Home Articles Spirituality 60th Anniversary

RSS Syndication

Subscribe to my RSS Feed!
feed image


60th Anniversary PDF Print E-mail
Tuesday, February 01 2005 19:00
The ringing tones of the cantor crying out the Jewish prayer for the dead carried across the bleak snow-covered grounds. Around him in stark relief were the grim reminders of industrialized murder: barbed-wire fences, huge ovens, railroad tracks. Above the main gate were the words “Arbeit Macht Frei” (Work Makes Free), surely an ironic motto for a death camp. Nothing there made free.

There were tears in the voice of this bearded cantor as he commemorated the dead of Auschwitz. It was testimony to the murder of an estimated one million Jews, along with gypsies, homosexuals, and other branded by the Nazis as deviant. Listening to the prayer sung so eloquently, one could call up in imagination whole families of people put to death, ignominiously, without a shred of mercy.

This ceremony marked the 60th anniversary of the date when advancing Russian troops freed the surviving prisoners from captivity in Auschwitz. For the occasion, many survivors had come there, those who had long ago managed to escape death at the hands of their military murderers.

World leaders were there too, as was Elie Wiesel, himself a survivor of this death camp and later Buchenwald. In his speech, Professor Wiesel appealed to his listeners, especially younger people, never to forget the event being commemorated.

"My good friends,” he said in fractured English, “if you after this day will be the same, then we have lost. An encounter with this memory, which now you are the custodians of, must do something to you and through the whole world."

He was right to say this because the holocaust has a spiritual significance that should never be forgotten. This mass murder, carried out with all the machinery of an efficient modern state, reminds us of the evil that so often lurks within the human heart.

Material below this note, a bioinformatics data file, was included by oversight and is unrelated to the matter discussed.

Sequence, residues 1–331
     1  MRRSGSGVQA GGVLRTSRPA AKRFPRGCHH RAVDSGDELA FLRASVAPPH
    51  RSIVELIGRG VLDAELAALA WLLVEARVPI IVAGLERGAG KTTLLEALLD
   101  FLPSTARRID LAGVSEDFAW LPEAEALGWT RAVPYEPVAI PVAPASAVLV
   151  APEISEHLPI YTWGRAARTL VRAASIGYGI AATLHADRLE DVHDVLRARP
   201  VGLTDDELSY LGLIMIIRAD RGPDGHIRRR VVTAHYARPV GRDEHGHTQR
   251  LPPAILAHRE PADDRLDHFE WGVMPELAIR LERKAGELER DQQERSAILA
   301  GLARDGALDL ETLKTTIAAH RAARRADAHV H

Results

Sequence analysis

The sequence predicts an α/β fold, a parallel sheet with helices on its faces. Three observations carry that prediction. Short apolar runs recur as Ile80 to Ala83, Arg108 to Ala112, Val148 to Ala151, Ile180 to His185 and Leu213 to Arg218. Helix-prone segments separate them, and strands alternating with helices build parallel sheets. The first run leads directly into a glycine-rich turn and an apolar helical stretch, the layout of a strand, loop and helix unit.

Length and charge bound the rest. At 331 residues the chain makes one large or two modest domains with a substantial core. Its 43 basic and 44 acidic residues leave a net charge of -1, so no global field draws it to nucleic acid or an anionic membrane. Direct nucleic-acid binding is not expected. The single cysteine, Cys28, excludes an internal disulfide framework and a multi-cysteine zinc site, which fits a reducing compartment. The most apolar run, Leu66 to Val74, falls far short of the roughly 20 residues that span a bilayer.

This is how revelations about the Nazi death camps first struck me. As a teenager during World War II, I had no idea that Jews were being persecuted for their religious and ethic identity. Like most other Americans, I lived unaware of the mass murders organized and carried out by the National Socialist machine in Germany.

When the atrocities became known, I felt shock that has stayed with me over the intervening decades. In fact, this knowledge became part of my spiritual life then and now. Among other things, this evil showed me how much we need God.  Left to ourselves, I believe, we human beings can prove thoroughly unreliable.  

Auschwitz and the other Nazi death camps make easy optimism about our human condition unrealistic. There is at work in the world a power that, if we do not combat it, can readily turn us into wielders of violence against our fellow human beings. From being our brothers and sisters, they become objects of our hatred and brutality.

Despite the graphic lesson of Auschwitz, events suggest that, as a world community, we have not learned that lesson. The mass slaughter of innocent people in Rwanda and Darfur, to mention only two places among many, shows how little we have backed off from killing those who get in our way.

We can be grateful for educators such as those associated with “Facing History and Ourselves,” the Brookline-based agency that teaches young people and others the lessons of the Holocaust. For the last 25 years this organization has not let us forget the awful facts about one of the world’s most horrific crimes.

There is something dreadfully askew in human life, a fact demonstrated over and over. To me, this points toward a spirituality that is not based on pessimism about the human prospect, but one that takes such evil into account. It also points to the central position in this spiritual outlook of hope in God.

The faith traditions that speak to me hold that God is the only one deserving of complete and utter trust. God is the one who will absolutely not falter in love. One of the sayings of Jesus that I often ponder is: “Why do you call me good? No one is good, but God alone.”

Of course, Jesus does not mean that humans lack goodness completely; rather, he contrasts us with the transcendent God in whom goodness is complete. The liberation that happened 60 years ago should be seen as a call to deepen our horror of evil and to direct hope toward the one who is all good.

Richard Griffin